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Elizabeth Warren held a town hall at Jackson State University last night, and one member of the audience at the historically black university wanted to know about voting: What would Warren do to protect voting rights? Warren went one better than calling for laws protecting the right to vote; she'd like to see a constitutional amendment. That's good! And then she went a step further and said it's time to get rid of the Electoral College, which got one of her biggest ovations of the night.

Here, have some video:

Elizabeth Warren: Get rid of the Electoral College www.youtube.com

Warren's ideas went beyond the suite of voting protections in House Democrats' "For the People Act," a blueprint for voting reforms that can be enacted if Dems retake the Senate and presidency in 2020. To prevent fuckery, let's ensure voting rights through a constitutional amendment:


I believe we need a constitutional amendment that protects the right to vote for every American citizen and to make sure that vote gets counted. We need to put some federal muscle behind that, and we need to repeal every one of the voter suppression laws that is out there.

Then Warren upped the ante, pointing out that for every vote to really count, we need to let winners of the popular vote actually become president. Currently, there's little reason for presidential candidates to even bother campaigning in solid red or blue states.

Come a general election, presidential candidates don't come to places like Mississippi. They also don't come to places like California or Massachusetts, because we're not the battleground states. Well my view is that every vote matters, and the way we can make that happen is that we can have national voting, and that means get rid of the Electoral College and everybody --

We're fairly sure she said either "everybody can count" or "everybody can vote," but we're not sure, because the crowd drowned it out with applause as soon as Warren said the Electoral College should go.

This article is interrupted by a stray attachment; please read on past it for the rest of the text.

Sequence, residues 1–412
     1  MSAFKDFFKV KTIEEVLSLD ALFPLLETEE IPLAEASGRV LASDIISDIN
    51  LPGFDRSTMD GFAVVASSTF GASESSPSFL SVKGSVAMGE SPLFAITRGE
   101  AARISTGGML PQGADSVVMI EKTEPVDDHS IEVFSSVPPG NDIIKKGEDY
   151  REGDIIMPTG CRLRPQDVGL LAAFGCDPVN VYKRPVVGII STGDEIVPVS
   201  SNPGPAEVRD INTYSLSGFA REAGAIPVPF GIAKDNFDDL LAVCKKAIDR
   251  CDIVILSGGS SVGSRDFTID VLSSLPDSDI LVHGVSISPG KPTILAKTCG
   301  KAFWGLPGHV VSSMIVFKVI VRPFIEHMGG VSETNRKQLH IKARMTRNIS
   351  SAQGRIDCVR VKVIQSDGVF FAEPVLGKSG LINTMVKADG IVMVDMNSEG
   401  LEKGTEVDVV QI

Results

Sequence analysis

Of course, given the power of small states, it's unlikely they'd ever approve of any constitutional amendment to eliminate the Electoral College. But since the Constitution gives states the power to decide how to apportion their electoral votes, an amendment isn't the only way to ensure the popular vote winner becomes president.

Eleven states and the District of Columbia have signed on to the National Popular Vote Interstate Compact, an agreement that would require the states to award their electoral votes to the winner of the national popular vote, regardless of the outcome in those states. That change would only kick in once the compact has enough signatories to total 270 electoral votes -- the margin of victory needed to win in the Electoral College. Here, see some arguments on why it would probably pass constitutional muster!

Colorado Gov. Jared Polis signed a bill Friday making Colorado the 12th state in the compact, bringing the total number of electoral votes in the agreement to 181. In addition, the New Mexico and Delaware legislatures have both passed bills to join, although neither state's governor has yet signed them into law. If they do, that will be another eight electoral votes.

Of course, most of the big blue states where this is already a popular idea have already signed on; in addition to Colorado and DC, the compact has California, Connecticut, Hawaii, Illinois, Maryland, Massachusetts, New Jersey, New York, Rhode Island, Vermont, and Washington. Colorado is the first truly swing state to hop into the agreement, and it seems iffy whether others, like Ohio, Pennsylvania, or Michigan, will join -- at least not yet.

Then again, a few more years of people getting disgusted with Republican fuckery with democracy, particularly in states where lameduck R legislators tried to overrule the results of the 2018 midterms, could lead to a voter backlash that might just bring in new legislatures in coming elections. (Hello, Michigan and Wisconsin, not to mention Ohio and Missouri. Fifty-four electoral votes in those four.)

Assuming, of course, that people are allowed to vote. We aren't so sure we can bet on that, which is kind of the point, now isn't it?

Update: Sexy Pete Buttigieg wants to ditch the electoral college, too!

[CNN / NYT / Slate / Roll Call / Update: WaPo]

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Doktor Zoom

Doktor Zoom's real name is Marty Kelley, and he lives in the wilds of Boise, Idaho. He is not a medical doctor, but does have a real PhD in Rhetoric. You should definitely donate some money to this little mommyblog where he has finally found acceptance and cat pictures. He is on maternity leave until 2033. Here is his Twitter, also. His quest to avoid prolixity is not going so great.

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